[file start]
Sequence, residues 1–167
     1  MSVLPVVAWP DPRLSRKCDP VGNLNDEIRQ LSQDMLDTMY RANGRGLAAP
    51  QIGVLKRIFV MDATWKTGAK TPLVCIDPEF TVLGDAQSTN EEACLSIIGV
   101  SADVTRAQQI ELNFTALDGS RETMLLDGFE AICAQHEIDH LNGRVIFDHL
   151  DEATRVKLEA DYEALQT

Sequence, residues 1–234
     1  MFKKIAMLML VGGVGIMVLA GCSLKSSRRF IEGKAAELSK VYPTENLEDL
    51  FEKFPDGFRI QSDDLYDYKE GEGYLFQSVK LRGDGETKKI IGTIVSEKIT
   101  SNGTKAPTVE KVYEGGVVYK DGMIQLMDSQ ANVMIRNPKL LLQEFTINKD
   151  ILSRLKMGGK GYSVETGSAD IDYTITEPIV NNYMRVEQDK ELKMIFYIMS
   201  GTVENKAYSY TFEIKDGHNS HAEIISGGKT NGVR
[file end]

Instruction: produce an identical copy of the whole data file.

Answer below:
Sequence, residues 1–167
     1  MSVLPVVAWP DPRLSRKCDP VGNLNDEIRQ LSQDMLDTMY RANGRGLAAP
    51  QIGVLKRIFV MDATWKTGAK TPLVCIDPEF TVLGDAQSTN EEACLSIIGV
   101  SADVTRAQQI ELNFTALDGS RETMLLDGFE AICAQHEIDH LNGRVIFDHL
   151  DEATRVKLEA DYEALQT

Sequence, residues 1–234
     1  MFKKIAMLML VGGVGIMVLA GCSLKSSRRF IEGKAAELSK VYPTENLEDL
    51  FEKFPDGFRI QSDDLYDYKE GEGYLFQSVK LRGDGETKKI IGTIVSEKIT
   101  SNGTKAPTVE KVYEGGVVYK DGMIQLMDSQ ANVMIRNPKL LLQEFTINKD
   151  ILSRLKMGGK GYSVETGSAD IDYTITEPIV NNYMRVEQDK ELKMIFYIMS
   201  GTVENKAYSY TFEIKDGHNS HAEIISGGKT NGVR